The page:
Adolescent to Parent Violence or Abuse
Adolescent to parent violence and abuse (APVA) may be referred to as ‘adolescent to parent violence (APV)’ ‘adolescent violence in the home (AVITH)’, ‘parent abuse’, ‘child to parent abuse’, ‘child to parent violence (CPV)’, or ‘battered parent syndrome’.
The cross-Government definition of domestic violence and abuse is any incident or pattern of incidents of controlling, coercive or threatening behaviour, violence or abuse between those aged 16 or over who are or have been intimate partners or family members regardless of gender or sexuality. This can encompass, but is not limited to psychological, physical, sexual, financial and emotional abuse. While this definition applies to those aged 16 or above, APVA can equally involve children under 16, and the advice in this document reflects this.
There is currently no legal definition of adolescent to parent violence and abuse. However, it is increasingly recognised as a form of domestic violence and abuse. Depending on the age of the child, it may fall under the government’s official definition of domestic violence and abuse.
It is important to recognise that APVA is likely to involve a pattern of behaviour. This can include physical violence from an adolescent towards a parent and a number of different types of abusive behaviours. Violence and abuse can occur together or separately. Abusive behaviours can encompass, but are not limited to, humiliating language and threats, belittling a parent, damage to property, stealing from a parent and heightened sexualised behaviours. However, some families might experience episodes of explosive physical violence from their adolescent with fewer controlling, abusive behaviours3. Although practitioners may be required to respond to a single incident of APVA, it is important to gain an understanding of the pattern of behaviour behind an incident and the history of the relationship between the young person and the parent.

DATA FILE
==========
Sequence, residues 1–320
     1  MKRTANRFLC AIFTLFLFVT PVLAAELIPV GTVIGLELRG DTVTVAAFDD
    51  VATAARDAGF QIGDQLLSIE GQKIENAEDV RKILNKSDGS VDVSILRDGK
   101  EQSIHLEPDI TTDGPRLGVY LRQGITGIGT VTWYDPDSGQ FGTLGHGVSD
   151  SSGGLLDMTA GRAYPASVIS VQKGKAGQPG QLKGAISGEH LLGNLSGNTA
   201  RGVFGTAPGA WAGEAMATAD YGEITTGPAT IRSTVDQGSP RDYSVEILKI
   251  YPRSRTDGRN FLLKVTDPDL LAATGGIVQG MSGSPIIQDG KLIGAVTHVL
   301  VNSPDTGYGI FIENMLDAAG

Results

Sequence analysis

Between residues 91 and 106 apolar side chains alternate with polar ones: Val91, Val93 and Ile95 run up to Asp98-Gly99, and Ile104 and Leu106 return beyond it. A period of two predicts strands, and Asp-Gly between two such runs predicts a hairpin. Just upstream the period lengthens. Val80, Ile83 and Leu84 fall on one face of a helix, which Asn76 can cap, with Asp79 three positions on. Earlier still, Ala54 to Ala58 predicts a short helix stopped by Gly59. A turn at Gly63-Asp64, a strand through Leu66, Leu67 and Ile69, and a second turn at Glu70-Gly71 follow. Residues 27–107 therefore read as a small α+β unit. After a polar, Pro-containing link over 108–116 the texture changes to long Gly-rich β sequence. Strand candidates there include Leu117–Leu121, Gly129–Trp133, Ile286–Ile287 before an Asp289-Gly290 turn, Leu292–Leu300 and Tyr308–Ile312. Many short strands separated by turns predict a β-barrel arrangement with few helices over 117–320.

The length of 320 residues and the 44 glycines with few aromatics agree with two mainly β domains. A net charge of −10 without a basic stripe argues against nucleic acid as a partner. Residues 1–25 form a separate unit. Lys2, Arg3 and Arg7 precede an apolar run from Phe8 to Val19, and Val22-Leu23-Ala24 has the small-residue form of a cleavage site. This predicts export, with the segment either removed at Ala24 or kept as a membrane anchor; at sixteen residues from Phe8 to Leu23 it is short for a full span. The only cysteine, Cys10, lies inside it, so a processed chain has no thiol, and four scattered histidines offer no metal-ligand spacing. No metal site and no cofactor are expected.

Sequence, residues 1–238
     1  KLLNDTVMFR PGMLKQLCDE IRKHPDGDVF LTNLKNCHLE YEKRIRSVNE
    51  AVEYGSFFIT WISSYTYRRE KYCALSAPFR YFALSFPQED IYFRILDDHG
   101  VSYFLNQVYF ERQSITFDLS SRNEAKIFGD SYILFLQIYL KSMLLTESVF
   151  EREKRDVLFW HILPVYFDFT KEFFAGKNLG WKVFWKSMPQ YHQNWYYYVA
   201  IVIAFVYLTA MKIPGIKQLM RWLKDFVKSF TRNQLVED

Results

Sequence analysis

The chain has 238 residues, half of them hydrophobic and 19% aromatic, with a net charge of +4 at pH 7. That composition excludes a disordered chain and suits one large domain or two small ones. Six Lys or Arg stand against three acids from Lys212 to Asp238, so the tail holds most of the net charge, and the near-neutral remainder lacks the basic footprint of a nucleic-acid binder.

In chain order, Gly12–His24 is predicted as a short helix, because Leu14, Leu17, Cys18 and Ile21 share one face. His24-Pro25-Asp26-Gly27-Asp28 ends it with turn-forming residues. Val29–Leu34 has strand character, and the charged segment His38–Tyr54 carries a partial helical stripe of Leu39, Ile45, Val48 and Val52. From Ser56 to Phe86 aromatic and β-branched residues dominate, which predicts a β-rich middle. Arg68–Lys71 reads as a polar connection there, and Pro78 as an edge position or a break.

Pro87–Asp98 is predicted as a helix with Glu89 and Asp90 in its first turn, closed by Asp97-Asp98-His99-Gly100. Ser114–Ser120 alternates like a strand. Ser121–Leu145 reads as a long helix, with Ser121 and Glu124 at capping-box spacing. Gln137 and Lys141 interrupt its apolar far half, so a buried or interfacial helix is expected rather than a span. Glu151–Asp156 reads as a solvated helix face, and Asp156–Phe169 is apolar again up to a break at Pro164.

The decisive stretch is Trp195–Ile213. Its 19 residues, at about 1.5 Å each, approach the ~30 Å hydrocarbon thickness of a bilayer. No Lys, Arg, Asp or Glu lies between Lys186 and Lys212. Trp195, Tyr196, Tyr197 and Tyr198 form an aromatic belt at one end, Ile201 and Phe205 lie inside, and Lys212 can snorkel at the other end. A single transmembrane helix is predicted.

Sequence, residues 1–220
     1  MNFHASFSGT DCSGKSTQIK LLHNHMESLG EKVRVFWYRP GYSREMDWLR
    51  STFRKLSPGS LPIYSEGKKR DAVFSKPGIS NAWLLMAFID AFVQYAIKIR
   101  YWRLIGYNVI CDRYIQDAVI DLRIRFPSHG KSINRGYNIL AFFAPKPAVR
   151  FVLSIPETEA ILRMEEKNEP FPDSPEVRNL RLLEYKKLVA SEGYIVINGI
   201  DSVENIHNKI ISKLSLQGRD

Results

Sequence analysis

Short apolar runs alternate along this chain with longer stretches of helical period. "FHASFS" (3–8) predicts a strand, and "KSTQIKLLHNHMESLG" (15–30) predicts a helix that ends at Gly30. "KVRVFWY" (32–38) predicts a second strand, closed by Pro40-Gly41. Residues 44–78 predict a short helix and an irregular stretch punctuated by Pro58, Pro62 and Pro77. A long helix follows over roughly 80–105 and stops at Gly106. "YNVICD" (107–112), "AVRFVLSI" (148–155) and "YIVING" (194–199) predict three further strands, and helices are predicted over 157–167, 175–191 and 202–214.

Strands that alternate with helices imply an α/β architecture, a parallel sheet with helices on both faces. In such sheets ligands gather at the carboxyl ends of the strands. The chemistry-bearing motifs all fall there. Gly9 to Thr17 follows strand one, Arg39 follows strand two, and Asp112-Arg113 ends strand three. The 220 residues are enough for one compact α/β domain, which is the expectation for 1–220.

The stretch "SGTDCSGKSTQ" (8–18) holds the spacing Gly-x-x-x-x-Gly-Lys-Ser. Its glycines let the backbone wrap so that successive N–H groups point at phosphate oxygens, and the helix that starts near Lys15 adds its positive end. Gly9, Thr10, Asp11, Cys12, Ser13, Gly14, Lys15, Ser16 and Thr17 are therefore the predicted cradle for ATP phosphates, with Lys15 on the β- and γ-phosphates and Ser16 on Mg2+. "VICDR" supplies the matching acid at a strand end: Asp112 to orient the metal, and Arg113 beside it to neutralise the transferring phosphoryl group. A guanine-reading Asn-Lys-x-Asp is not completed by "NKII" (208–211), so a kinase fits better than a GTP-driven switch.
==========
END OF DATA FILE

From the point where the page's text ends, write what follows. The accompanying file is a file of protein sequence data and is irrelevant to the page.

It is also important to understand the pattern of behaviour in the family unit; siblings may also be abused or be abusive. There may also be a history of domestic abuse, or current domestic abuse occurring between the parents of the young person. It is important to recognise the effects APVA may have on both the parent and the young person and to establish trust and support for both.
The first large scale study of adolescent to parent violence and abuse in the UK was conducted by the University of Oxford (see http://apv.crim.ox.ac.uk/) between 2010 and 2013. Practitioners and parents interviewed in this study described the abuse as often involving a pattern of aggressive, abusive and violent acts across a prolonged period. As well as physically assaulting their parents, those interviewed said their teenage children had smashed up property, kicked holes in doors, broken windows, had thrown things at their parents and made threats. Verbal abuse and other controlling behaviours were also commonly present. This pattern of behaviour creates an environment where a parent lives in fear of their child and often curtails their own behaviour in order to avoid conflict, contain or minimise violence. This study found that there was no single explanation for this problem. Families described a range of reasons which they saw to be the cause for APVA, including substance abuse, mental health problems, learning difficulties, or a family history of domestic violence or self-harm. Some families were at a loss to explain why their child was so aggressive towards them, having raised other children who did not display such behaviour.